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Ideally, all of them. But I suppose only avid fans and manga collectors would do such a thing. So, if you’re new to Junji Ito, and want to know which one of his works you should get first, this article is made for you.
But before we proceed, I want you to know that the following list is based highly on my preferences. On the stories that I think are the most interesting and scary. So, with that out of the way, let’s move on.
Anyway, to present a wider selection of books, I decided to put Junji Ito’s works into four different categories and give you what I think is the best of each.
First up is…
1. The best full length manga: Gyo
These are the manga that focus on one story from start to finish. Take one chapter out of it and the story would not make any sense. The titles in this category are Gyo, Remina, and Sensor.
Gyo is a story about a fish with spider-like legs that come out of the ocean and invade the land. You’ll see absurd images of Tunas and Sharks walking around eating and infecting people. Yes, it is as absurd as it can get and filled to the brim with gore and disfigured people.
The reason why I pick Gyo is simply because it is the superior story out of the three. Not only that, it also showcases one of the strongest elements of Junji Ito’s brand of scary stories, the bizarre body horror.
2. The best short stories collection: Fragments of Horror
These are the collection of short stories jammed into one book. So each chapter is a stand alone story. The nominees are Shiver, Smashed, Lovesickness, Venus in the blind spot, and Fragments of horror.
Fragment of horrors is definitely one of the thinnest Junji Ito’s short story collections in this list. If all you want is simply more stories, then you can get more content in the collection like shivers or smashed. But if you prefer quality over quantity, then Fragment of horror is easily Junji Ito’s best collection to date.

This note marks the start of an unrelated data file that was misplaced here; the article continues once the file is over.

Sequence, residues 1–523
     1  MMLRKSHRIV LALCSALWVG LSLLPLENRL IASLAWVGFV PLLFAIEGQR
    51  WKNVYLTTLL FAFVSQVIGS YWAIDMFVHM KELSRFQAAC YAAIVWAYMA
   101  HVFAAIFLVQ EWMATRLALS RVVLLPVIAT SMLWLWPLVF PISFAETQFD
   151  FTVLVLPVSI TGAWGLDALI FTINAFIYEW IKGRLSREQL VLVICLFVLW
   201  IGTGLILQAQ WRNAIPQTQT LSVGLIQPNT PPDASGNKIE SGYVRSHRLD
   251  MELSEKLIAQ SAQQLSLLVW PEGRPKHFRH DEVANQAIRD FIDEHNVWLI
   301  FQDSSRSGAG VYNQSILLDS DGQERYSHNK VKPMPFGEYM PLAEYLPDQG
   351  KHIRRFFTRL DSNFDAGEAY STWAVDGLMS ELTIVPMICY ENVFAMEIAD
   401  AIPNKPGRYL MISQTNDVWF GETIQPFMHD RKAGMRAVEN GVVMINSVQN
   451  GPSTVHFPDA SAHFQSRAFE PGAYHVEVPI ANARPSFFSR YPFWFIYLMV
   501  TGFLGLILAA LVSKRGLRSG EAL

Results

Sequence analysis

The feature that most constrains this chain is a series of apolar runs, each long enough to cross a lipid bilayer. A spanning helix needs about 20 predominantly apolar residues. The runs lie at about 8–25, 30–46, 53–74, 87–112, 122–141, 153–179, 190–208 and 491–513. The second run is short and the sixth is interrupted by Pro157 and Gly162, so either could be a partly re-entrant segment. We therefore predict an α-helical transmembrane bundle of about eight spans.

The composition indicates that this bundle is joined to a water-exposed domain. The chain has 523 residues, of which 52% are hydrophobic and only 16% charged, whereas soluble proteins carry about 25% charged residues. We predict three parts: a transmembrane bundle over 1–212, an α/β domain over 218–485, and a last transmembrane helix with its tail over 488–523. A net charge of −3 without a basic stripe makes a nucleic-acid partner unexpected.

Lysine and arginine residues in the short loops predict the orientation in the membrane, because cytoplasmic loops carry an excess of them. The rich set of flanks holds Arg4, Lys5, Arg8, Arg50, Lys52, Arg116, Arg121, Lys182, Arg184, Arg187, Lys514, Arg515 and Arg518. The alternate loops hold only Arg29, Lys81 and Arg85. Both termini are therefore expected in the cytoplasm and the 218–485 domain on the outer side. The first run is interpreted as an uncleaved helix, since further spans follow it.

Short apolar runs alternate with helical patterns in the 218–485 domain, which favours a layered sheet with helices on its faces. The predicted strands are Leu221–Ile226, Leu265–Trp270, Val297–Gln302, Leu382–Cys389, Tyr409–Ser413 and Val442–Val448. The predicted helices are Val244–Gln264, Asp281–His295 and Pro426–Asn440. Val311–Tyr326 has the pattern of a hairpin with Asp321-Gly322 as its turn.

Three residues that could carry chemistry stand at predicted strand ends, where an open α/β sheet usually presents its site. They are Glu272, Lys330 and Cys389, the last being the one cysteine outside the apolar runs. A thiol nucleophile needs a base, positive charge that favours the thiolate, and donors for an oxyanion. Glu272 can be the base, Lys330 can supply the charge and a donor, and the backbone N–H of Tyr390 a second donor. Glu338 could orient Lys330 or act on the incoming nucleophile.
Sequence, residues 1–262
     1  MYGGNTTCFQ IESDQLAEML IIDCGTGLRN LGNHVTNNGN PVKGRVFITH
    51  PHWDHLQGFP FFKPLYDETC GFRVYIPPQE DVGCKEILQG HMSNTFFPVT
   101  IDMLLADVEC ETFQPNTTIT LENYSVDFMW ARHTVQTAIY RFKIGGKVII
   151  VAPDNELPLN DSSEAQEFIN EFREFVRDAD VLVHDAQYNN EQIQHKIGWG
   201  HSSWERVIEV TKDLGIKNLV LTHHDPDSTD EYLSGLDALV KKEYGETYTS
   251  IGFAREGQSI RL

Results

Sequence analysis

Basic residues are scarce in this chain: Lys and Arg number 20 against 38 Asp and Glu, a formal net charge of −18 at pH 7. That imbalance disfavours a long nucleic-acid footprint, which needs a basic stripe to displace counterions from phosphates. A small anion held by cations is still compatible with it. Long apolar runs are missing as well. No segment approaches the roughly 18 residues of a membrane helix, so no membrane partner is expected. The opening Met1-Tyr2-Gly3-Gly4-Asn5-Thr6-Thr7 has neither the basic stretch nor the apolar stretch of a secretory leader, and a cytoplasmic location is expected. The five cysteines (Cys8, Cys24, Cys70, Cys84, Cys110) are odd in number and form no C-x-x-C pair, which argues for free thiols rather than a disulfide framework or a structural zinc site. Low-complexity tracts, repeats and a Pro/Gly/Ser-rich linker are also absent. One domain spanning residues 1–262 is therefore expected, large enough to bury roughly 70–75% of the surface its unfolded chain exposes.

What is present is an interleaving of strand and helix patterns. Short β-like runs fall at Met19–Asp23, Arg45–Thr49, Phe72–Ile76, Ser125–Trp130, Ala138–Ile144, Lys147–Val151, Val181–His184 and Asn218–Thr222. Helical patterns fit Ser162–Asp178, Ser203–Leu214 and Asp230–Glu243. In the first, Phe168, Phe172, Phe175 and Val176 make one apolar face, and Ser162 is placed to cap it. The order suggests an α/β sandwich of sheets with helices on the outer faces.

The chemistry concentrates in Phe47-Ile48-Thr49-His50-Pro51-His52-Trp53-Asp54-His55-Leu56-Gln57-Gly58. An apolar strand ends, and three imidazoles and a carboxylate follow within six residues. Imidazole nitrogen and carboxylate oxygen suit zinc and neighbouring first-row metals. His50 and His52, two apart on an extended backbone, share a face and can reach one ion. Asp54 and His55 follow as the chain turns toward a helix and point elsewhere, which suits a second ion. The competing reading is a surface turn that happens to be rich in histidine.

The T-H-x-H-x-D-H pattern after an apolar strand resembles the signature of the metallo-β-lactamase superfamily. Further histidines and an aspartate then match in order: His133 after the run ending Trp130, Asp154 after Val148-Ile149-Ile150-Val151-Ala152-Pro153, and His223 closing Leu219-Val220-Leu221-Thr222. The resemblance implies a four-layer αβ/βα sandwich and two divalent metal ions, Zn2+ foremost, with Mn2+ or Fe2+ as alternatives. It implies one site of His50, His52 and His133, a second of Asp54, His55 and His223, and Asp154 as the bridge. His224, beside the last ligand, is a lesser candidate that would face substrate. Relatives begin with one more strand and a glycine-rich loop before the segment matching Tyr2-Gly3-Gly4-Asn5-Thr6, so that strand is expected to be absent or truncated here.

The one story that stuck to me the most is about a man who tries to hold his head together after he just got beheaded. I can feel the horror and frustration of the character through every panel of that story.
3. The best interconnected short stories: Uzumaki
These are the manga that consist of what could be considered short stories but focus only on one object/subject. Take out one chapter and the story would still make sense. They are Uzumaki and Tomie.
Some people may consider this category as part of a full-length work, but to me it is clearly not. There is simply no beginning nor ending in a book like Tomie and I feel like Junji Ito will continue to use the character again later on in other stories.
Uzumaki, on the other hand, has a lot more cohesion to it, especially at the start and the end of the story. But the middle part is what makes it feel like a collection of stories connected only by the same theme. Just like Tomie. But it is still a damn good book though.
4. The best adaptation: Frankenstein
These are some manga that was adapted by Junji Ito from well-known novels written by other authors. The manga in this category are Frankenstein by Mary Shelley and No Longer Human by Osamu Dazai.
To be honest, if we talk about a more faithful and fleshed out adaptation, then the answer would be No longer human. But there are two reasons why I end up picking Frankenstein instead.
First of all, I believe Frankenstein suits Junji Ito’s style of horror and storytelling way more than No Longer Human. The former deal with existentialism through the lens of body horror, while the latter is also sort of about existentialism but through the lens of psychological horror instead.
Second of all, I’m just not a big fan of No Longer Human. Don’t get me wrong, it’s good, but just not my cup of poison. That being said, but both definitely featured some of the best art from Junji Ito.
Junji Ito is one of the most prolific mangaka in the industry, particularly in the format of short stories. There are tons of material that still haven’t even been translated to English yet.
That’s why I will update this list accordingly whenever any new Junji Ito’s book pops out in the wilderness.
I might change my pick if the new one is better than the last. Who knows, I might even invent new categories to accommodate the new titles. But until then, these four are the cream of the crop.
And one more thing, as you can see, there are affiliate links under each title to point you towards the relevant page on Amazon/RightStufAnime. If you’re interested in getting any of this manga, please consider buying it through those links. It will help this blog grow at no additional cost to you. Thanks for reading!